'The fact was I left Town on Wednesday - determined to be in a hurry. You don't eat travelling - you're wrong - beef - beef - I like the look of a sign. The Coachman's face says eat, eat, eat. I never feel more contemptible than when I am sitting by a goodlooking coachman. One is nothing - Perhaps I eat to persuade myself I am somebody. You must be when slice after slice - but it wont do - the Coachman nibbles a bit of bread - he's favour'd - he's had a Call - a Hercules Methodist - Does he live by bread alone? O that I were a Stage Manager - perhaps that's as old as 'doubling the Cape'. "How are ye old 'un? hey! why don't 'e speak?' O that I had so sweet a Breast to sing as the Coachman hath! I'd give a penny for his Whistle - and bow to the Girls on the road - Bow - nonsense - 'tis a nameless graceful slang action. Its effect on the women suited to it must be delightful. It touches 'em in the ribs - en passant - very off hand - very fine - Sed thongum formosa vale vale inquit Heigh ho la! You like Poetry better - so you shall have some I was going to give Reynolds.
Season of mists and mellow fruitfulness,
Close bosom friend of the maturing sun...

That's the joy - one of the joys - of Keats's letters. You never know what's coming next, as he slides and swerves from sense to nonsense, from his inner to his outer life, from cod Latin to a few dismissive words that suddenly introduce, in this case, his last great poem, the Ode to Autumn. There's an added frisson here, as his throwaway remarks on bowing foreshadow that heartbreaking last farewell, a little over a year later: 'I can scarcely bid you good bye even in a letter. I always made an awkward bow...'
The Ode to Autumn, in manuscript and (much revised) finished form can be found, with much else, on this fine website devoted to Keats, great poet and great man, born on this day in 1795.

Saturday 30 October 2010

A Literary Editor Speaks Out!

It's good to see someone - someone in the business, what's more - pointing out one of the things that's clearly wrong with modern fiction. On the rare occasions when I've made it to the end of a recently published novel, I'm nearly always left with two thoughts: 1. So what? and 2. That was surely about a third too long. I don't suppose Claire Armitstead often concurs with 1 or she wouldn't be in the job she's in, but she seems to agree with 2 - much to the chagrin of the publishing industry, an industry which, it is clear, has only itself to blame.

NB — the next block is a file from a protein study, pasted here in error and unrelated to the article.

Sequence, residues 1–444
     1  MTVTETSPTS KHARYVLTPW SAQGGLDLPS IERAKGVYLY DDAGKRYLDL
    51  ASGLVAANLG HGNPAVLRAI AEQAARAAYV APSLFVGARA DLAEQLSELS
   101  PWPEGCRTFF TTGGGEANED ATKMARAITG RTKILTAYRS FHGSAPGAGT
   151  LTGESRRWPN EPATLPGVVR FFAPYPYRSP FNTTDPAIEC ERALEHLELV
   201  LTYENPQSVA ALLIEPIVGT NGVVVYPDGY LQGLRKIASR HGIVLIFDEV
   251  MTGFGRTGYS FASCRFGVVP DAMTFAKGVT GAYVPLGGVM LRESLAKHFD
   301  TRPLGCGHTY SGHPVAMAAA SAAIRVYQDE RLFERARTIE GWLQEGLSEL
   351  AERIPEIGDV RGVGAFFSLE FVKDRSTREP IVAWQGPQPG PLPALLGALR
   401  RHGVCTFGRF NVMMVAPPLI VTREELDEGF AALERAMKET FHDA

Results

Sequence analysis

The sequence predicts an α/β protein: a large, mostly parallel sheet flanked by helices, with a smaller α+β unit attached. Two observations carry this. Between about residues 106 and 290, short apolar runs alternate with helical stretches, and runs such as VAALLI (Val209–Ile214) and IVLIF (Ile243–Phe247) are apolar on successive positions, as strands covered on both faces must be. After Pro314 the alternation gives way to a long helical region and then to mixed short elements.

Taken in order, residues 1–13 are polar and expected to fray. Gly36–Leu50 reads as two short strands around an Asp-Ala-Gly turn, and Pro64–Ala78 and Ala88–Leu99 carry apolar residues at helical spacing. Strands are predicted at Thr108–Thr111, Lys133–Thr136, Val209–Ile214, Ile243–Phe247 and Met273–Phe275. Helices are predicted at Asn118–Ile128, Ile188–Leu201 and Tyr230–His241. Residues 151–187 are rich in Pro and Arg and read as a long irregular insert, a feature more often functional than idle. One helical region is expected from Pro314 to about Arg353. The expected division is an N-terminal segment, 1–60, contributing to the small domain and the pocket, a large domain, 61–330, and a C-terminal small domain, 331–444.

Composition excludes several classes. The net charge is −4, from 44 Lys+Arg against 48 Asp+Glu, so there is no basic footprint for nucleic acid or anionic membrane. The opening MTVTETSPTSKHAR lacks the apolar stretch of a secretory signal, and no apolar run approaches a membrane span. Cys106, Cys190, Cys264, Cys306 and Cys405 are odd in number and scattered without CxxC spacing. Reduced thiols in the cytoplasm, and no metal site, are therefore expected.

Another scourge of contemporary fiction (encouraged no doubt by the 'Creative Writing' industry)is the fashion for present tense narration. Philip Pullman has called it 'a silly affectation' and he's surely right, at least in those cases where there's no good reason for it; it's a lazy short-cut to bogus immediacy and 'significance'. Worse still is the use of the present tense and the impersonal 'he' or 'she' to lend spurious mystery and yet more 'significance'. Any book that begins in such a mode is almost certain to be worthless. Unless it's this one:
'From where she lies she sees Venus rise. On. From where she lies when the skies are clear she sees Venus rise followed by the sun. Then she rails at the source of all life. On. At evening when the skies are clear she savours its star's revenge...'
That's Samuel Beckett. The rules don't apply.

Friday 29 October 2010

At Last - The Liberal Gene!

Here's a prime specimen of nonsense dressed up as science - genetics, indeed! So, 'liberals' are more disposed to 'seek out new experiences', are they? Not in my (limited, reactionary) experience. Some of the most firmly closed minds I've ever come across have been politically 'liberal' - also some of those with the least exposure to 'a wider variety of lifestyles and beliefs'. I suspect that it's at least as true that the more exposure you have to the rich variety of the world as it is, the more likely it is to turn you in a conservative direction. Many a conservative is a liberal 'mugged by reality', i.e. by wider experience of the world as it is.

Thursday 28 October 2010

Beyond the Veil

This post on Frank Wilson's blog and the interesting piece to which it links have started a lively comment strand. For myself, I've never seen the attraction of any kind of personal survival after death. Compared to the thorough extinction of 'me', it seems a hellish prospect. Imagine coming out at the other side of death, still yourself, surviving to see your life whole, to repine and regret and be powerless to change anything, to look on helplessly at the grief caused by your death, and at all that follows, including of course the gradual extinction of your memory (Nige? Who was he?) and to have no way of ceasing to be 'me'. If, however, there is no 'I' at the far side of death, there is nothing to fear, as there will be no 'me' to do the fearing, or to experience anything. Therefore I hope that if there is any survival, it is not of the 'me' I now know, it is not in any normal sense 'personal'.